Graduate student Esmat Hegazi (left) and postdoc Rebecca Kim-Yip (right). Images courtesy of Esmat Hegazi and Rebecca Kim-Yip.
The process of bringing a revelation made at a research bench into clinical practice, where it can benefit people directly—the practice of translational science—is often more difficult than many basic science researchers appreciate. The New Jersey Alliance for Clinical and Translational Science (NJ ACTS) aims to address this challenge by offering training and research support to individuals pursuing translational research in the biological and social sciences, engineering, and beyond. A statewide coalition of partners and affiliates, NJ ACTS is funded through a Clinical and Translational Science Award by the National Center for Advancing Translational Sciences at the National Institutes of Health. The Alliance unites researchers at Princeton and the New Jersey Institute of Technology with clinical researchers, physicians and investigators at the lead institution, Rutgers University. The NJ ACTS TL1 Training Program specifically offers predoctoral and postdoctoral Fellows training in clinical and translational science.
“How do you take a drug or antibiotic from the bench through validation, testing, licensing, and ultimately marketing to help people? It’s a long pathway, and it requires knowledge of how to run studies and do special statistical modeling. You have to have a certain amount of knowledge about what is already is possible in that domain, what’s missing, and what the needs are,” explains Dr. Daniel Notterman, Professor in the Princeton Department of Molecular Biology and Co-Director for the NJ ACTS Training Program.
“Since we don’t have a medical school at Princeton” says Notterman, “this program provides access to clinical and translational expertise at Rutgers.”
NJ ACTS TL1 Training Program Fellows from Princeton receive a year of stipend and tuition support; additional funding for research and training-related expenses (for predoctoral trainees); and access to conferences, meetings, seminars, and networking opportunities to help further the translational aspects of their work and enhance their career development. They also receive training on a range of topics, from Team Science to how to design and write grants for the National Institutes of Health, whose extramural research funding programs require a direct focus on human health. The program, which solicits new applicants annually, began in 2019. So far, 19 pre- and postdoctoral trainees have received awards through the NJ ACTS TL1 program; eight have hailed from Princeton, with four from the Department of Molecular Biology. Past awardees from the Department include MD/PhD student Chloe Cavanaugh (2019, Notterman lab) and graduate student Ellen Acosta (2020, Gitai lab). In September of 2021, two more members of the Department were inducted into the program: graduate student Esmat Hegazi (Muir lab) and postdoctoral researcher Rebecca Kim-Yip (Toettcher and Posfai labs).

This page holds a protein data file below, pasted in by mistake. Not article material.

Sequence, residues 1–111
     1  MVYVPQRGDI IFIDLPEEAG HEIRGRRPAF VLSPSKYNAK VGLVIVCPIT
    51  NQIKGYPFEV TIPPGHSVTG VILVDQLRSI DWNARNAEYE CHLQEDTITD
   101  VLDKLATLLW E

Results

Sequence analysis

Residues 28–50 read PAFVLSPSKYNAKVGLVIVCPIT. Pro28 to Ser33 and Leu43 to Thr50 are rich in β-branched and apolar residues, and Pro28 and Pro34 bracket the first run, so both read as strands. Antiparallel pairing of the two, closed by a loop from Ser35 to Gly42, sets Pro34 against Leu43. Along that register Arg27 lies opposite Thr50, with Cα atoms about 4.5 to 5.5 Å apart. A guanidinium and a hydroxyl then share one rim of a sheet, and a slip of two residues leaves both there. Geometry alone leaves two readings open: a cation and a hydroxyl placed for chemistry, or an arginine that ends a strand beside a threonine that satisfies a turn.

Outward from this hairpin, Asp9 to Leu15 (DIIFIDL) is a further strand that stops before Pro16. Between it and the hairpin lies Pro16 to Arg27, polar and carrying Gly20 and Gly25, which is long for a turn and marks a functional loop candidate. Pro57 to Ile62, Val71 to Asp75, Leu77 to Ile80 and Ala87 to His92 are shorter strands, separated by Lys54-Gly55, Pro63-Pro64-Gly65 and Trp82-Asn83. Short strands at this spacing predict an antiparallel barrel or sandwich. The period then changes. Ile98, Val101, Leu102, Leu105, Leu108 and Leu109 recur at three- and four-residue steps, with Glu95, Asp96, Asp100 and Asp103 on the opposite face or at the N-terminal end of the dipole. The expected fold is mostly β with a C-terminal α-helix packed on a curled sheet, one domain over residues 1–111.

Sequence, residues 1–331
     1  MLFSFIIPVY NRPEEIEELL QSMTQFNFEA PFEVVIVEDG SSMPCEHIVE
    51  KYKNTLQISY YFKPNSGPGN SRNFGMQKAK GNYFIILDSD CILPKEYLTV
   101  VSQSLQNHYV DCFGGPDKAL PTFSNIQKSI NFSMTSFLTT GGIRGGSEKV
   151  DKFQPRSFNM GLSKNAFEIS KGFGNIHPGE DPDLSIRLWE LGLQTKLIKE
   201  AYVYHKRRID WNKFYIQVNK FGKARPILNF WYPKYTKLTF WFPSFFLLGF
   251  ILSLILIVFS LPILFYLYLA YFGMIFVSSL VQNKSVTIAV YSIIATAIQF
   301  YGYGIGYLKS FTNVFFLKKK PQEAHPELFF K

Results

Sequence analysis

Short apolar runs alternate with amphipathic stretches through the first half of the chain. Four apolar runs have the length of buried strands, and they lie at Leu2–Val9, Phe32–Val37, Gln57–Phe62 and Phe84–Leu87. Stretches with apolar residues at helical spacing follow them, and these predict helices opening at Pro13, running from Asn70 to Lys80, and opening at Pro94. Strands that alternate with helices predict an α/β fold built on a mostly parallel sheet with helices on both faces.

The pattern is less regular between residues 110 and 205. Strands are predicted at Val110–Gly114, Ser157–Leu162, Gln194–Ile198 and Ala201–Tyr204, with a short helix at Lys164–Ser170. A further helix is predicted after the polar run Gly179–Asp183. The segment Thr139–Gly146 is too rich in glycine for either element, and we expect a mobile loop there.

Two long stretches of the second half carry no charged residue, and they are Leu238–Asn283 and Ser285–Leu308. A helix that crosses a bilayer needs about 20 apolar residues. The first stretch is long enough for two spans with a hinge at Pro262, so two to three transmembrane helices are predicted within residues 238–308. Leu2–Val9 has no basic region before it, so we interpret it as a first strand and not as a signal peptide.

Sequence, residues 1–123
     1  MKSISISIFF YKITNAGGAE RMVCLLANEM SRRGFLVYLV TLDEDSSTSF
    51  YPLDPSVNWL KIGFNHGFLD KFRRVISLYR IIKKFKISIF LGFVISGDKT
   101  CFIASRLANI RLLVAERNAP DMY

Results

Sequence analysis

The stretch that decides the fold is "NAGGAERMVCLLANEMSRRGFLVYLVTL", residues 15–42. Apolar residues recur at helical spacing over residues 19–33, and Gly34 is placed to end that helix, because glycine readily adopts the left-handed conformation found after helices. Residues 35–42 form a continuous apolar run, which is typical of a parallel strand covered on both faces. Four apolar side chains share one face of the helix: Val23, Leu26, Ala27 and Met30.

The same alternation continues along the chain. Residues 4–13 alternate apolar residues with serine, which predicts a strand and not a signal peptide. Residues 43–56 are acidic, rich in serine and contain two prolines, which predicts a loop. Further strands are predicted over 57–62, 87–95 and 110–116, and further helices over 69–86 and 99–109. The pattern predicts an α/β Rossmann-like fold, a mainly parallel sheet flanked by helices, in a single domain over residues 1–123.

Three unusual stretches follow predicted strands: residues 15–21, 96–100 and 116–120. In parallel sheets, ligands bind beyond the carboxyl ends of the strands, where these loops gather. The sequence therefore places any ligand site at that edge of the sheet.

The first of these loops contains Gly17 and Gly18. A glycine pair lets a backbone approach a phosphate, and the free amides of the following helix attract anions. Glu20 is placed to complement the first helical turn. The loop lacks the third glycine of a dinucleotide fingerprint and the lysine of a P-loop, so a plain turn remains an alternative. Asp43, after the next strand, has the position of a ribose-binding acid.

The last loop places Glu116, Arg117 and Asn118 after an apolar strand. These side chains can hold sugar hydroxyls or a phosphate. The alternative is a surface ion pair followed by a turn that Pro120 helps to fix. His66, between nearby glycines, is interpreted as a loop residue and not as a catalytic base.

“My research is focused on characterizing the biochemical and functional mechanisms of a set of highly prevalent cancer-associated histone mutations,” says Hegazi. “Because of the wide scope of cancer types these histone mutations occur in, I believe that my project has broad reaching translational impact. A current challenge in the cancer epigenetic field is the lack of cell specificity in therapeutic targeting. My project can better inform the development of targeted inhibitors to these epigenetic pathways.”
“My hope as a NJ ACTS Fellow is I will be able to bridge the gaps between my fundamental biochemistry research with its translational impact. This fellowship will propel my engagement with clinicians and experts who can give insight on how to directly translate my findings, and the challenges that exist in its translational application,” she adds.
Kim-Yip is likewise excited about the networking connections the program promotes. She also anticipates that the training the fellowship offers will be particularly helpful for her research on stem cell biology.
“Stem cells are an interesting model with amazing therapeutic potential because they have the ability to differentiate into any cell type of the body. However, there are still many challenges that remain to making this a reality because stem cells respond very heterogeneously to external stimuli, especially when you want them to differentiate into certain cell types. My research focuses on studying this heterogeneous behavior and one of the aspects that I’m particularly interested in is how their cell cycle progression contributes to this,” says Kim-Yip.
“Greater understanding of stem cell behavior in the lab will allow us to better engineer cell types of the right functions in the right proportions. This is crucial for any future potential in the organ regeneration field. Understanding how stem cells behave in a dish will also help us build more accurate models of how these cells behave in an organism,” notes Kim-Yip.
Hegazi and Kim-Yip join a diverse class of Fellows pursuing a wide range of research projects. Princeton graduate students and postdocs interested in applying to the NJ ACTS Fellowship program are urged to visit the program’s website and contact its on-campus manager, Bianca Freda ‘98, for more information.
Funding: Funding for NJ ACTS is provided by three Clinical and Translational Science Award (CTSA) Program grants (UL1TR003017, KL2TR003018 and TL1TR003019).